While hardly my only rationale, Chris correctly identifies the central tenant in my case for distributed teams as “finding the best.” In essence, looking everywhere for talent is increasingly vital in a competitive, global market for high skill, diffuse talent, at a time when there’s increasingly less friction involved in remote collaboration. He proceeds to construct a counterargument based on the premise that he’s not looking to build a team of the best, and digs in, suggesting building a team from the best is a fool’s errand, contingent on getting “really lucky.”

Professing to not hire “the best” seemed an odd admission, until I realized he was constructing a straw man visualization of “the best”, painting a cartoonish picture of remote teams that are unable to effectively collaborate, indifferent to mentorship and growth, and filled with Gregory House types.

Did not work on a distributed team.

Did not work on a distributed team.

In reality, as I write this post, I’m remotely conversing with our Director of Engineering about adjustments to the engineering mentorship role 10up carves out for each pod in the form of a technical lead. And while I’m proud of the rockstars we’ve attracted (we’ve also declined or respectfully parted ways with more than you might think), I’m even more proud that our biggest stars didn’t begin anywhere near rockstar status. That’s not to say that we can’t strengthen growth programs: we can, and are. That’s not to say that remote collaboration – all things equal – isn’t slightly more difficult across the continent: it is. It is to say that it’s quite doable, and to the extent everything else is not equal – we’re able to pick culture and skill fit from a hugely broader pool – a global team is still the better option for us.

Let’s be clear: when I say we’re looking for the best, I mean the best fit. As with any viable business, the best fit is a subjective mix of innate promise and aptitude for our work (some of our “best” came right out of school, one hadn’t held a traditional job in a decade), preexisting skill and education, culture fit, personality match, and cost, among other criteria. I think we can find the most promising talent by entertaining a global candidate pool, not just the biggest rockstars. His characterization of “the best” as essentially abrasive rockstars mischaracterizes my position. The notion that pioneers of the remote model – Automattic, Basecamp, Mozilla, the WordPress project itself – succeed by virtue of pure luck in hiring borders on insulting (though I’m certain it was not intended as such).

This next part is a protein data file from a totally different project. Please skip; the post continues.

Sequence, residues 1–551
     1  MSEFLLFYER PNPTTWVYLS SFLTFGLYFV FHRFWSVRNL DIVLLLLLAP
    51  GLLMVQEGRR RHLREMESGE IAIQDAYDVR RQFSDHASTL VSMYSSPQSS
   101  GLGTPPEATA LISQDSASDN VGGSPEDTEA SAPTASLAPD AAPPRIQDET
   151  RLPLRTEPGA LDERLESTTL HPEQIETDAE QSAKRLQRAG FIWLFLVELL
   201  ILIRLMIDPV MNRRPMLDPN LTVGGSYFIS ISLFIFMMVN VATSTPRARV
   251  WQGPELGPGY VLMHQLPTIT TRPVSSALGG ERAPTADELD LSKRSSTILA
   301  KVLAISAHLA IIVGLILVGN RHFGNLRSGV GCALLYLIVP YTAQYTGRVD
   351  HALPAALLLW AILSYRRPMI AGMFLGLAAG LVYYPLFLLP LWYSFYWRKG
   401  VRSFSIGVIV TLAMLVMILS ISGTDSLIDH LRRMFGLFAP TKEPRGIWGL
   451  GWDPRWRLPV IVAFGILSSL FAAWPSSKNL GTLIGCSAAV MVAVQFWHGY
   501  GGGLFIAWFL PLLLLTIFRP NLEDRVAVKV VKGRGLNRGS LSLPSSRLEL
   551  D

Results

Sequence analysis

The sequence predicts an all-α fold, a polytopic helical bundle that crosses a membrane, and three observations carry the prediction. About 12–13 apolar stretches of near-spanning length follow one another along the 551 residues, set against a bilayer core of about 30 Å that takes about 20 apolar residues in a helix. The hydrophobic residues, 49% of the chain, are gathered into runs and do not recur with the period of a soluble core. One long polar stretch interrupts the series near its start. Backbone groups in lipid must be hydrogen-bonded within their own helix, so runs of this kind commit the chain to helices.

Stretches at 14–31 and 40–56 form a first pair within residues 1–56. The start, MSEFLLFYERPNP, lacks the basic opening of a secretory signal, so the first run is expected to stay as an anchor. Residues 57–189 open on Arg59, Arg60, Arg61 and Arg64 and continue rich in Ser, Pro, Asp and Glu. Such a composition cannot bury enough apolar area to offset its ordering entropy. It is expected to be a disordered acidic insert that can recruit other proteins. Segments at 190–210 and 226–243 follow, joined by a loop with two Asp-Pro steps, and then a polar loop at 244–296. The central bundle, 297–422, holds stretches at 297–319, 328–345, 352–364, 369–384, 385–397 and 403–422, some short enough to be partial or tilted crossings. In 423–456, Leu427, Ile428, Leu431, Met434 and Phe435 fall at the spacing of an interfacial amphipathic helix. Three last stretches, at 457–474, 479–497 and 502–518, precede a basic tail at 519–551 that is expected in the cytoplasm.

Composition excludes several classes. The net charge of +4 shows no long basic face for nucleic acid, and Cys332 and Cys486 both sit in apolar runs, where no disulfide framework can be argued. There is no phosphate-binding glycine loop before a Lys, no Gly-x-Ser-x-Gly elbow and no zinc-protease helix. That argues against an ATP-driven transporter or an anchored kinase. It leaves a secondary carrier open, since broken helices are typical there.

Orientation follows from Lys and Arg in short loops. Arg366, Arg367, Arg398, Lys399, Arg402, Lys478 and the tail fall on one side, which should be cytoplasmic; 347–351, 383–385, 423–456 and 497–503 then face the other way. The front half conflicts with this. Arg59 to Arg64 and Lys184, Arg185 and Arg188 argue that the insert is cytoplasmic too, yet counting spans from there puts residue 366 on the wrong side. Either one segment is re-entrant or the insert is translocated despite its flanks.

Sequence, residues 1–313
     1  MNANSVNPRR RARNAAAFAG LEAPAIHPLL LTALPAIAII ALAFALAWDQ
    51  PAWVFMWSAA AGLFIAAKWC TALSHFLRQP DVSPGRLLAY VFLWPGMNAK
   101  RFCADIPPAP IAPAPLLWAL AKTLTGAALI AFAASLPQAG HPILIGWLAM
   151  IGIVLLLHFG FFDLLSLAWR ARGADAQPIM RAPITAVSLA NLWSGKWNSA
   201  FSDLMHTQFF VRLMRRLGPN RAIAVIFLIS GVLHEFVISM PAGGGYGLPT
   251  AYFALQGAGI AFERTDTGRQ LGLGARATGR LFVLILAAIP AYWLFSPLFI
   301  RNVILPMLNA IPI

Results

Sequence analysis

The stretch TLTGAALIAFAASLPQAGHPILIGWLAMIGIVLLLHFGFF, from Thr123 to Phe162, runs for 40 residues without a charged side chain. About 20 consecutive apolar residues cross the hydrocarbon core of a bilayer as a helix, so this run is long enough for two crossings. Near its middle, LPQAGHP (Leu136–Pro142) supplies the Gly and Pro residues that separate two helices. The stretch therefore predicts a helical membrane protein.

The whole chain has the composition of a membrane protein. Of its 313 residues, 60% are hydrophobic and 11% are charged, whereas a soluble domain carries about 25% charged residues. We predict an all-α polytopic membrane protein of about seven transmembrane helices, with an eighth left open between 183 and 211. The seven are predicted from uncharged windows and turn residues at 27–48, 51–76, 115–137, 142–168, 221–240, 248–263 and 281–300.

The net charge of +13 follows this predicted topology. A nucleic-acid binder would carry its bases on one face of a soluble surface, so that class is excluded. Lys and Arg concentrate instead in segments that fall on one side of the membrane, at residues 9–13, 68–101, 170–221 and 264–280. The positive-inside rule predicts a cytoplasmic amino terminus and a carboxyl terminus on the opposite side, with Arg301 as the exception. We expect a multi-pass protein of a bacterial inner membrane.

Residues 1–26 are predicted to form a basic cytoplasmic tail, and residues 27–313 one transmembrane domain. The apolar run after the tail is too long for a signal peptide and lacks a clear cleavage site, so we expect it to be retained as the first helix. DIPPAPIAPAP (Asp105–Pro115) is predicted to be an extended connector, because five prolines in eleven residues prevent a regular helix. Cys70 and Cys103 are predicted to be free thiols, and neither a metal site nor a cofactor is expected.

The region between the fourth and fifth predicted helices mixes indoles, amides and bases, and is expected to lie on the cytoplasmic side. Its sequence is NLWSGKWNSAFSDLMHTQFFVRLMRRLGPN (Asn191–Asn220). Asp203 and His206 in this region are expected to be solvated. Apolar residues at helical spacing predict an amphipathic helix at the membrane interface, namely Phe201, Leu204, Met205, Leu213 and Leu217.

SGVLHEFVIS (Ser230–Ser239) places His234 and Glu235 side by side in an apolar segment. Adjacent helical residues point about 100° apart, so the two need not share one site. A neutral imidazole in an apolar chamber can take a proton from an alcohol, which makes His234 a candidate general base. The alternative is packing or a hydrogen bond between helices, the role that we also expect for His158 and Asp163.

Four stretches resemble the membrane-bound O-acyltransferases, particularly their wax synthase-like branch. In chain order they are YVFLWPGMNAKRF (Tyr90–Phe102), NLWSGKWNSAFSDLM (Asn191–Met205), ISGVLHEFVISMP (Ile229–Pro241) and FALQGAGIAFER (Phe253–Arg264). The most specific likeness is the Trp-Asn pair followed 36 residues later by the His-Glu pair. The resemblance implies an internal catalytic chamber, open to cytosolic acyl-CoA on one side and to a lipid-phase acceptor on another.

Let’s be clear: when I say we’re looking for the best, I mean the best fit.

The concluding notion, that everyone with a college degree, in all corners, has the same aptitude and interest for the kind of work a premium, high performance team like 10up does, that there’s no baseline skill set subject to shortage in fixed geographies, borders on the demagogic. One need only look at just how much capital companies in places like San Francisco – where there is a concentration of such skill and schools – invest in trying to find the right hires.

As is often the case, I agree entirely with Chris’s caution about rockstar egos, his emphasis on team building and mentorship, and what matters to clients. Less so when it comes to disassociating these values from a definition of the “best”, and implying that distributed models represent their antithesis by knocking “Skype meetings”.